In early 2020, the NAM—and the health and medical community worldwide—was put to the test when SARS-CoV-2, the virus that causes COVID-19, became the most dangerous pandemic in a century. We put the Academy’s existing programmatic priorities on hold in order to focus fully on fighting the pandemic. Alongside the HMD and other National Academies units, the NAM provided crucial scientific expertise to the government and members of the public as the crisis unfolded, on topics ranging from how COVID-19 is transmitted to the efficacy of face coverings and physical distancing, to the efficacy of testing and need for crisis standards of care. We also called for a national strategy to protect clinician well-being during the pandemic, as stressors such as lack of personal protective equipment and life-saving supplies sharply increased the strain on an already burdened workforce.
As COVID-19 vaccines drew closer to approval in fall 2020, the National Institutes of Health and the Centers for Disease Control and Prevention (CDC) turned to the NAM and the National Academies to guide the equitable allocation of an initially limited supply. We produced a consensus report in just over 3 months that helped to inform the CDC’s recommendations as well as many state-level plans for allocation. By the end of 2021, more than 60 percent of the U.S. population had been fully vaccinated against COVID-19 (Pariseault, 2021). However, the pandemic continues to evolve and challenge us. The emergence of highly contagious variants has stretched the U.S.
health care system to the breaking point. Meanwhile, populations around the world still struggle to access vaccines—a tragic inequity that threatens the health of people everywhere.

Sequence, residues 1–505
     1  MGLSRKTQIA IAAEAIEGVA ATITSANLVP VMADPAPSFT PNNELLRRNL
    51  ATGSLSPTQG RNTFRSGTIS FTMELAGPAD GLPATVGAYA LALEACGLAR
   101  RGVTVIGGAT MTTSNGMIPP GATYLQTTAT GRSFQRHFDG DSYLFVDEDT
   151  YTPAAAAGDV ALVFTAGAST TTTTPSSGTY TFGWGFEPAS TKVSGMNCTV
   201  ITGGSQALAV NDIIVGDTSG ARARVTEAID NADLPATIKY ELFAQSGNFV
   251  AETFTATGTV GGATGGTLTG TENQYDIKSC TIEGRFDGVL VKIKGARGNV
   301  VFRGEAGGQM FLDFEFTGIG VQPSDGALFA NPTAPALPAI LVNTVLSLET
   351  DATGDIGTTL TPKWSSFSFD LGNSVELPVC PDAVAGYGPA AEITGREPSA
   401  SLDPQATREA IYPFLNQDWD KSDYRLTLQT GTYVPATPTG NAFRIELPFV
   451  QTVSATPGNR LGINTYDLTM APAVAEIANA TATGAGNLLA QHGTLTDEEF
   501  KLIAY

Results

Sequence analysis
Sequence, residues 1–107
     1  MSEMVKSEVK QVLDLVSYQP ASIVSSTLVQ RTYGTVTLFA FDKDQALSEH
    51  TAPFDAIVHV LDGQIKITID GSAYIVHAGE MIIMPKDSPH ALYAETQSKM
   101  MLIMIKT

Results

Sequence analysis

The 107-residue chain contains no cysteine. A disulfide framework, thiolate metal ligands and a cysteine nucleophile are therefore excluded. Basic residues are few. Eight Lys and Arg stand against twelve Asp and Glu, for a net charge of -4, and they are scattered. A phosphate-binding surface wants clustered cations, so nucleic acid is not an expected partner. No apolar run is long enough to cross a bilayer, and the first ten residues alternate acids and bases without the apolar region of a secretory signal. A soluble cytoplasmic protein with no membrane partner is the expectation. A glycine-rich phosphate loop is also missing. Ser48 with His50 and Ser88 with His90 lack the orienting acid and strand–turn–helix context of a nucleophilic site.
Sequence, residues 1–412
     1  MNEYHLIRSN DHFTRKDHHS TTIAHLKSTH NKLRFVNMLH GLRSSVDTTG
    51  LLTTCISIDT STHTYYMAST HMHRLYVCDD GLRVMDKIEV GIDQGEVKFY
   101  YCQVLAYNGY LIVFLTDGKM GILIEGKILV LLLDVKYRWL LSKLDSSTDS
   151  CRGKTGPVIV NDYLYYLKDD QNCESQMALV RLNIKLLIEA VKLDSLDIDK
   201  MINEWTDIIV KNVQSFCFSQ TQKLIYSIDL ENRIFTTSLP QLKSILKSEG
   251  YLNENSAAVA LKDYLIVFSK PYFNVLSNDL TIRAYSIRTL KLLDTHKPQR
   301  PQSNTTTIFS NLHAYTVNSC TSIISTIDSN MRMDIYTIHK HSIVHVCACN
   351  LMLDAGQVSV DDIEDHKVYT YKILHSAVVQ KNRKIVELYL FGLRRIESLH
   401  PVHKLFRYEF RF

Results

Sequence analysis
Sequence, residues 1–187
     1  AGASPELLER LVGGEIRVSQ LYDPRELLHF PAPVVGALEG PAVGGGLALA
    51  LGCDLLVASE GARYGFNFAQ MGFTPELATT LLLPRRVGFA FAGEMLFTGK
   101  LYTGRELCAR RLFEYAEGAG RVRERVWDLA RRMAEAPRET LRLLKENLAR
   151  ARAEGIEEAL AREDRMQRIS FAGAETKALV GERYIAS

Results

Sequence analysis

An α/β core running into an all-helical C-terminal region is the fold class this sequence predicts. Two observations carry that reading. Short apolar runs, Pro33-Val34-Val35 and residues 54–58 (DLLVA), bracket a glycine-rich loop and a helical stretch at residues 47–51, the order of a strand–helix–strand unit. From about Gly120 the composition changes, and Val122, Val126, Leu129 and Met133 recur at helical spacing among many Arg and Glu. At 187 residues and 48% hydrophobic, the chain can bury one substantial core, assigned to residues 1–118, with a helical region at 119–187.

Throughout the pandemic, NAM members have been crucial leaders driving solutions in their own spheres—several as heads of government agencies and task forces, many more as scientists, clinicians, educators, and advocates. Alongside myself and the presidents of the NAS and the NAE, members spoke out against the dangerous politicization of science during the pandemic, as well as the temporary breakdown of the U.S. relationship with the World Health Organization, a critical partner in combatting COVID-19 globally. The NAM’s response to COVID-19 will continue as long as the virus continues to infect individuals anywhere across the globe.
Among many lessons, COVID-19 has taught us that quick, collective action among the scientific and medical communities is possible—and powerful. We must turn that passion and purpose toward other major challenges, both new and enduring, that threaten human health. In that spirit, I am proud that the NAM has committed to confronting structural racism and the impacts of climate change on health and equity.